Republican Gov. Nikki Haley signed legislation that immediately outlaws most abortions in South Carolina at 20 weeks beyond fertilization. The only exceptions are if the mother’s life is in jeopardy or a doctor determines the fetus can’t survive outside the womb. Doctors face up to $10,000 in fines and 3 years in prison for each violation. (The Washington Post, 5/25)\
States Sue Obama Administration Over Transgender Bathroom Policy
The Obama administration on Wednesday faced the first major court challenge to its guidance about the civil rights of transgender students in public schools, as officials from 11 states filed a lawsuit testing both the scope of federal anti-discrimination law and the government’s sweeping interpretation of it. (The New York Times, 5/25)
Oklahoma’s Abortion, Transgender Bills Called Political ‘Smokescreen’
Some public schools are starting summer vacation several days early, contemplating a four-day week, and more than 200 teachers in Oklahoma City were handed pink slips in March. Instead of addressing a budget crisis that threatens public education and other critical services, lawmakers have been busy debating proposals to criminalize abortion, police students’ access to public bathrooms and impeach President Obama. (The Washington Post, 5/25)
Why Over-The-Counter Birth Control Could Actually Lead to More Unwanted Pregnancies
Women in California can now purchase their pills, patches, rings and shots directly from pharmacists. The new program has been widely hailed as a victory for women’s reproductive rights. Yet the fanfare misses an important point: Women visiting their pharmacists won’t have access to the most reliable forms of birth control, such as implants or IUDs that will still require a trip to a doctor’s office. (The Los Angeles Times, 5/28)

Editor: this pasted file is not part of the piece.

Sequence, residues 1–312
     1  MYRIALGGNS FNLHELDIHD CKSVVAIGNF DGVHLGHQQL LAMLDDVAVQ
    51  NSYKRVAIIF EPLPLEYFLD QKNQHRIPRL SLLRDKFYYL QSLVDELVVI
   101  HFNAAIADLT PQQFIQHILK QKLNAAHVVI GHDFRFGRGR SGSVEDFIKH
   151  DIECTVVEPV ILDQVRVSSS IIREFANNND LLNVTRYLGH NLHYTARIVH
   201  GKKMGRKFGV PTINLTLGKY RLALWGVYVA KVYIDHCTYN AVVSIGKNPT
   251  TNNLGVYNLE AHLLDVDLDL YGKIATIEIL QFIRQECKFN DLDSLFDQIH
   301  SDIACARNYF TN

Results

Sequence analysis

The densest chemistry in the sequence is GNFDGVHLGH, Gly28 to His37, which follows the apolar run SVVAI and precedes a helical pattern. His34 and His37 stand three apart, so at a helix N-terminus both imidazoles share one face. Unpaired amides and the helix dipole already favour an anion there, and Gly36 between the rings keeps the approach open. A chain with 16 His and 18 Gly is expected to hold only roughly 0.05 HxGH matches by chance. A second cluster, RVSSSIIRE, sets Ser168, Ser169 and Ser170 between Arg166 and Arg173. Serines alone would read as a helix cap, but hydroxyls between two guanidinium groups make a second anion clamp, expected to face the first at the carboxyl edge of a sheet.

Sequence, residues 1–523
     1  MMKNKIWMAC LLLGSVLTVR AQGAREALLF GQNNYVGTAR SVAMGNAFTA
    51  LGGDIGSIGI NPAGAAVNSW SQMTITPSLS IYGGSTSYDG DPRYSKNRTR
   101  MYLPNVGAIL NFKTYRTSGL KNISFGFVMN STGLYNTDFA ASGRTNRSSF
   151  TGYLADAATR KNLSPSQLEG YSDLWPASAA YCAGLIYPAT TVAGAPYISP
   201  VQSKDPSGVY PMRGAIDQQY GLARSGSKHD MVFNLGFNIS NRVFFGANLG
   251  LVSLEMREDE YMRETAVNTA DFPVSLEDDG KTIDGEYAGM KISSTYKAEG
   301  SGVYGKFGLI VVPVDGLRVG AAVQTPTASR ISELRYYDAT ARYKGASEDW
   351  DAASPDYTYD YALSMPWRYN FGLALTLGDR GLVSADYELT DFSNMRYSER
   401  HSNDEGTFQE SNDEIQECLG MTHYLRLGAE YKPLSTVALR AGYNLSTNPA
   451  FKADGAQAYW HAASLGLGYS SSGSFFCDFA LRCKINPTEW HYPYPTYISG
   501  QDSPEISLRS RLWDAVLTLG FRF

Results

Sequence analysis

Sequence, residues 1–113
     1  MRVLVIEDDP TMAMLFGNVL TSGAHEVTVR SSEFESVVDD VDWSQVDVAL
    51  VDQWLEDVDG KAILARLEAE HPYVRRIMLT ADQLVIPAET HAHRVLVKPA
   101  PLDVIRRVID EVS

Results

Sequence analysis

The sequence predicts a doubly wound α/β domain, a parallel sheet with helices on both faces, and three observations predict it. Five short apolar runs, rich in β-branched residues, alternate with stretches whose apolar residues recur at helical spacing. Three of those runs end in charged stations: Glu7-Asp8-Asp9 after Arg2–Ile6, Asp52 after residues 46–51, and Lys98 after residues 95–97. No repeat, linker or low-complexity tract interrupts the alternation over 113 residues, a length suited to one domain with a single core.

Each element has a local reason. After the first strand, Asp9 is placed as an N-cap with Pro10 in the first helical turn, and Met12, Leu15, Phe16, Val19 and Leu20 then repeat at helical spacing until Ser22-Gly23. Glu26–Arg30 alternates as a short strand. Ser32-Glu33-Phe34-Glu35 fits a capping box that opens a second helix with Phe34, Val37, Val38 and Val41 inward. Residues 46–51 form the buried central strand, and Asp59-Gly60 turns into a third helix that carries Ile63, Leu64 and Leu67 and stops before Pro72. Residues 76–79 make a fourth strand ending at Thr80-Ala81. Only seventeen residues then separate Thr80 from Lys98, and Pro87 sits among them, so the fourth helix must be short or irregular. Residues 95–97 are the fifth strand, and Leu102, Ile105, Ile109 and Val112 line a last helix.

California’s Glaring Shortage Of School Nurses
California falls significantly short of a new recommendation by the AAP calling for every school in the United States to have at least one nurse on site. Fifty-seven percent of California’s public school districts, with 1.2 million students, do not employ nurses, according to research from Sacramento State University’s School of Nursing. (Kaiser Health News, 5/31)
Lights Out: Some Children’s Hospitals Take Steps To Ensure A Good Night’s Sleep
Between the fluorescent lights, the chatter of on-duty doctors and nurses, and being roused for things like baths and vitals checks, getting eight hours of shut-eye is challenging. So now, with research increasingly highlighting the link between sleep and good health, children’s hospitals are rethinking just how they work at night. (Kaiser Health News, 6/1)
Teen Births Fall Again, Another Drop in Decades of Decline
Teen pregnancies fell again last year, to another historic low, according to the CDC’s National Vital Statistics Report. Last year, the birth rate for U.S. teens dropped 8%. Rates have been falling since 1991, and this marks yet another new low. Experts cite a range of factors, including less sex, positive peer influence, and more consistent use of birth control. (The New York Times, 6/2)




For Children in Crisis, Education Cannot Wait
For the first time in the 70-year history of the UN, Secretary-General Ban Ki-moon has brought together world leaders and the humanitarian community for the World Humanitarian Summit in Istanbul, with the aim of making bold commitments to reduce the impact of the unprecedented wars and disasters we are seeing today, including providing education for children affected by conflict and crises. (The Huffington Post, 5/24)




CDC Report Points to Missed Opportunity in ADHD Care
In the most recent Vital Signs report, the CDC states that rather than leveraging the opportunity to teach young children how to control their own behavior, which has been shown to have lasting positive effects on how they function at school, at home and in relationships, these children are more often being prescribed potent drugs to help reduce their impulsive behaviors in the short term. (AAFP, 5/25)